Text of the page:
Oddly enough, as I’m writing this, my iPhone has just started playing The Moment I Said It by Imogen Heap – eerily appropriate, as the song has been a sort of mood-board for getting into the head of my principal female character, and my working title for this book came from within the lyrics.

I’m getting such a kick looking out of the windows – we’ve just left Bath and I’d forgotten how beautiful this journey can be. And there are more significant locations coming up shortly, when we pass through Avoncliff and Salisbury – like so much of the book, it seems this blog post is being written “on-location” ;-)

Time to close the laptop, I think.

Sunday 1 April 2012

Back again...

It's been a while, but Book 2 is progressing well and drawing towards a traumatic (and rather bloody) conclusion.

I've spent a few weekends in Bristol, where much of the story is set, freeing myself from the tempting distractions of home, and allowing me to quickly visit the places I am writing about. Sometimes I stay at the Radisson Blu, which overlooks the Watershed area of the harbourside - you can just make out the street where my detective lives from the higher floors - but this weekend it was fully booked so I tried a boutiquey little guesthouse in Clifton and had a very productive couple of days.

The weather was glorious this morning, and my walk into town was really rather cultural - passing Damien Hirst's giant Charity figure, the Banksy window mural, and at least one of those bizarre painted gorillas that you see all over the city - before a spell spent typing in the Arnolfini.

Later, I moved across to my normal haunt upstairs in the Watershed Cafe, and managed to complete two of the linking chapters that have been eluding me recently. By the time I got off the train and walked home, I had yet another section done.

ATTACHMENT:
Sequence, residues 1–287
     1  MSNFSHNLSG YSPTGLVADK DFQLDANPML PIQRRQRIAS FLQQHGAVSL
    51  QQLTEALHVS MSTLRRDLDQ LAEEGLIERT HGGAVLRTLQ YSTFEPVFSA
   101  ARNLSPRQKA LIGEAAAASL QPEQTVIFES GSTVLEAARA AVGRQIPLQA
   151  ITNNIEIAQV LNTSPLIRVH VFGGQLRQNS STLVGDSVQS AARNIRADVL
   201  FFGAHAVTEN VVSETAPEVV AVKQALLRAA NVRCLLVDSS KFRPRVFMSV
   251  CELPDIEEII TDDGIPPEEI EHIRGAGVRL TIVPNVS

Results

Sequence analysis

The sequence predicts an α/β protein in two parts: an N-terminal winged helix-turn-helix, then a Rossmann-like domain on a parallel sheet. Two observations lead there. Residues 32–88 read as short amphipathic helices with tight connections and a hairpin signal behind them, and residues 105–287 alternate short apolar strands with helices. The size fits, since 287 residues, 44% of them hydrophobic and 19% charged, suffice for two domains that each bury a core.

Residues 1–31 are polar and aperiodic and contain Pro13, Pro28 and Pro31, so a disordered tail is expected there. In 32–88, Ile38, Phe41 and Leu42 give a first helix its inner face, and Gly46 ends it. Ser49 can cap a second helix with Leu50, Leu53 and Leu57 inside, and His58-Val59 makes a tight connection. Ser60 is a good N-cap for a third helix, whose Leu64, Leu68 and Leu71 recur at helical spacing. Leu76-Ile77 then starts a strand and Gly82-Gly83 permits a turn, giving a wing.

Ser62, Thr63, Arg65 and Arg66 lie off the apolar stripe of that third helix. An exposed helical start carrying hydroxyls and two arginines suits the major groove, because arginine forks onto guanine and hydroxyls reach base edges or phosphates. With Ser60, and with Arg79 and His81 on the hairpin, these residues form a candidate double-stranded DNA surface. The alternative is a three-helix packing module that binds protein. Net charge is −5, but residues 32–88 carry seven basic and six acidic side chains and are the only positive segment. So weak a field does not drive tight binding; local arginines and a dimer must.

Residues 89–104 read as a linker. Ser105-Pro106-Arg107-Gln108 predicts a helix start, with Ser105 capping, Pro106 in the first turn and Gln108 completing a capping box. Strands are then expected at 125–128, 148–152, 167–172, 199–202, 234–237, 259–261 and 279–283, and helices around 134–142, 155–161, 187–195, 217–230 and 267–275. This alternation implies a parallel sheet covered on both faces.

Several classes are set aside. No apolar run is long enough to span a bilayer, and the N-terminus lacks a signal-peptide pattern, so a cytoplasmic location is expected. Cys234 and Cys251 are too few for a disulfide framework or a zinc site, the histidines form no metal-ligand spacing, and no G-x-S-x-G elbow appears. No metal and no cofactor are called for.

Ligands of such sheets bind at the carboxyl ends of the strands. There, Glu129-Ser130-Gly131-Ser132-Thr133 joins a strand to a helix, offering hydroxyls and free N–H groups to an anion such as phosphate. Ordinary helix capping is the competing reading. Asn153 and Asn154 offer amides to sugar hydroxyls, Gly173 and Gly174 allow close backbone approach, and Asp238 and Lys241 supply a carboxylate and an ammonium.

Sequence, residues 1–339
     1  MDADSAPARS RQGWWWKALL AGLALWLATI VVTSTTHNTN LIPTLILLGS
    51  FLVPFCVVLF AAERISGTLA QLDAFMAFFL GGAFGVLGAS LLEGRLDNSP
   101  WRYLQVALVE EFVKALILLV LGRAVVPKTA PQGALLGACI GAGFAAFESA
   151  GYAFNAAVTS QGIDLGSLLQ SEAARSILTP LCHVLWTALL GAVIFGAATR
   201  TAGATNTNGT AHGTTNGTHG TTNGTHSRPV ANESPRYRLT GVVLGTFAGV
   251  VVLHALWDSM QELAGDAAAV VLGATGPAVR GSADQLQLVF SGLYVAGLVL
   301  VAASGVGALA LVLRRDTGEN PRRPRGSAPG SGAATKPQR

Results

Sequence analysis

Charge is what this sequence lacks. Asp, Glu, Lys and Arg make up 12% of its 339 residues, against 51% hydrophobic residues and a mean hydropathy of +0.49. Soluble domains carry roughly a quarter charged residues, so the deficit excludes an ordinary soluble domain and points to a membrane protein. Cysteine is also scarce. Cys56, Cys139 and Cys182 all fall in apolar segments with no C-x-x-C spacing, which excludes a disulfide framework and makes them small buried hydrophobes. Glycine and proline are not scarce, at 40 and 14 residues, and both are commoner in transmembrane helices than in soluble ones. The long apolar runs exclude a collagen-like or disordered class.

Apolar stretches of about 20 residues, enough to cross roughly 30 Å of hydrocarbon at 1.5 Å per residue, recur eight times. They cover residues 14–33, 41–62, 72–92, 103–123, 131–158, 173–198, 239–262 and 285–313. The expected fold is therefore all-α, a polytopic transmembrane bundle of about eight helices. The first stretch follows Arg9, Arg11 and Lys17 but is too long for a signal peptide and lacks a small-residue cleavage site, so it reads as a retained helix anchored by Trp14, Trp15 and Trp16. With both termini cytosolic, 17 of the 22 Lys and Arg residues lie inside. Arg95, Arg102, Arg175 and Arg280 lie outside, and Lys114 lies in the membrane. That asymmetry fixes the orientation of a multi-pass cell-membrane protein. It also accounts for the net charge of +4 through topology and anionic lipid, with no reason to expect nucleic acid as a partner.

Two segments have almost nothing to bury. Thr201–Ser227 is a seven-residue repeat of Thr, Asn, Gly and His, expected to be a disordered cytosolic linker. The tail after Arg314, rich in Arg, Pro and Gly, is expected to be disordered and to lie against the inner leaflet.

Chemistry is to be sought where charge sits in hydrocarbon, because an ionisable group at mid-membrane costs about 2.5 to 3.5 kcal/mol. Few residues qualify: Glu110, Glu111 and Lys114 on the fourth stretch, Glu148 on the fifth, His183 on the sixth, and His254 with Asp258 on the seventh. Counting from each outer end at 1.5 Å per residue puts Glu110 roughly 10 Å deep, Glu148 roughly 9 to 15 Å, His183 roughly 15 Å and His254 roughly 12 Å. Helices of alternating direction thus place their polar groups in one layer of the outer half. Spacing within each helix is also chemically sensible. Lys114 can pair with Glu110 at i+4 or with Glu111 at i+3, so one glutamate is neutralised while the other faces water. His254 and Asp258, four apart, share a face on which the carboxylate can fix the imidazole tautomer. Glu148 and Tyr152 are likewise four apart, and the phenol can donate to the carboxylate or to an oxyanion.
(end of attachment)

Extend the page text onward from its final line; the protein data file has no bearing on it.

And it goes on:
A couple more weekends like this, and the draft should be wrapped. The only problem is all the calories - I now have so many places I like to eat in Bristol, and if I'm not careful, either myself or my detective will need to go on a diet.

Friday 10 February 2012


It isn't easy to kill someone, especially someone you know. Over the past couple of weeks, my thoughts have increasingly been drawn to the last moments of a character who I'm really rather fond of, and the fateful chapter I know I have to write.

Strictly speaking, it's not "due" yet – chronologically, there are other bits to finish first, but the scene is growing ever clearer in my mind, and I think I'll have to address it soon. I wonder if doing so will change how I feel about the character – going back and writing other parts of their story, knowing that they're already dead?

These major scenes can certainly be emotionally draining to do – perhaps that's the reason for my reluctance to tackle it. Then again, with my habit of writing on-location, I must admit that a storm-swept clifftop will be more appealing once the weather gets a little warmer.